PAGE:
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The airline industry fears a drop in demand after the summer

Will consumer confidence and the desire to travel continue beyond the good weather? At the start of the high season, the question moved the annual congress of the European Airports Association (ACI Europe) in Rome this week. The summer period promises to be by far the best since the start of the health crisis that has hit the aviation sector hard since 2020. Some companies like Ryanair and countries, notably Greece, have already regained or even exceeded their daily number of flights in 2019, according to Eurocontrol.

In the old continent, air traffic at the end of June reached 86% of the level of the same period in 2019, said the pan-European surveillance agency, which in its most optimistic scenario expects up to 95% in August.
Despite the sharp increase in ticket prices and the disruptions that lead to long delays at several airports (Amsterdam, Dublin, Frankfurt, etc.), strikes at certain airlines and air traffic controllers, companies are filling up with reservations for the next few weeks.

But what happens when the umbrellas are folded? “The jury is still deliberating,” replies Olivier Jankovec, Managing Director of ACI Europe. “Visibility is low because there are many uncertainties.”
“Europe has entered a war economy, a fairly severe recession is looming, inflation is at record highs… How will all of this affect consumer confidence?” he.

increase in the price of kerosene

The same intuition for Henrik Hololei, Director-General for Transport and Mobility at the European Commission. “Buckle up, it’s going to wobble,” he told ACI Europe delegates. “In a few months we will enter a period of uncertainty the likes of which we haven’t seen in a decade and it is economic activity’s worst enemy,” he said.

“Russian aggression in Ukraine will not go away,” but “will last for a very long time. Energy prices are very high, we risk shortages of labor, lack of energy […] and even groceries in some parts of the world, plus interest rates are rising for the first time in a decade,” said Henrik Hololei.

Kerosene prices have doubled in a year, and a lack of refining capacity is exacerbating the explosion in crude oil prices. But fuel accounts for around a quarter of airlines’ operating costs, which are forced to pass them through ticket prices as their cash flow has dried up from two years of the health crisis.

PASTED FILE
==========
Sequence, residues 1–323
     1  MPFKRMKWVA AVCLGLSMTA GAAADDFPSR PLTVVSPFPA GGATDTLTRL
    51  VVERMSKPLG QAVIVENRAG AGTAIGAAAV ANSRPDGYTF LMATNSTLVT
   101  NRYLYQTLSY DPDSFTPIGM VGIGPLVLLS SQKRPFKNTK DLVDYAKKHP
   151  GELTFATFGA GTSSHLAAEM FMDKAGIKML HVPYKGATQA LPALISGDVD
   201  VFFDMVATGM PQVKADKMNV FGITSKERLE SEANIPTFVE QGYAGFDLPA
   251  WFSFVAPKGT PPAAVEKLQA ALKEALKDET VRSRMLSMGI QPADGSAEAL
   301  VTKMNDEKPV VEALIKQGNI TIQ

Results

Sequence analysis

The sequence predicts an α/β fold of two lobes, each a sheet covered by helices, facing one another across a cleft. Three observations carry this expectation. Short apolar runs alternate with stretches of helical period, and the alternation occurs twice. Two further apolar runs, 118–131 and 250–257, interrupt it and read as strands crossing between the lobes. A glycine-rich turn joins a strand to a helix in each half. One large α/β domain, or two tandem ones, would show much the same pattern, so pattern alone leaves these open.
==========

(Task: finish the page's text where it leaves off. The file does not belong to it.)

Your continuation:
“However, we are seeing the return of strong demand, people wanting to take their vacations,” after health restrictions were lifted, stressed Eleni Kaloyirou, general manager of Hermes Airports, manager of Larnaca and Paphos airports in Cyprus, where the high tourist season lasts until November. But “we’re worried about next year”.

Persistence of Covid-19

The same prudence from Athens Airport’s general manager, Yiannis Paraschis, beyond a summer that promises to be another award for Greece. He fears that “the increase in energy prices and inflation will amputate a large part of the budgets of European households”.

“In my country we know how to survive inflation, but you are just beginning to understand what inflation means,” Kadri Samsunlu, head of Istanbul International Airport, said to himself. “Very worried” about the occurrence of this phenomenon in Western Europe. “It could hurt consumer confidence and once it’s gone we don’t know what will happen,” he warned.

Another dark cloud hanging over European air traffic in the medium term: a possible recovery of the epidemic. “The covid has not gone away and it is not seasonal flu,” warned Henrik Hololei, noting that “an increase in infections in Europe due to subvariants BA.4 and BA.5” is even more contagious.

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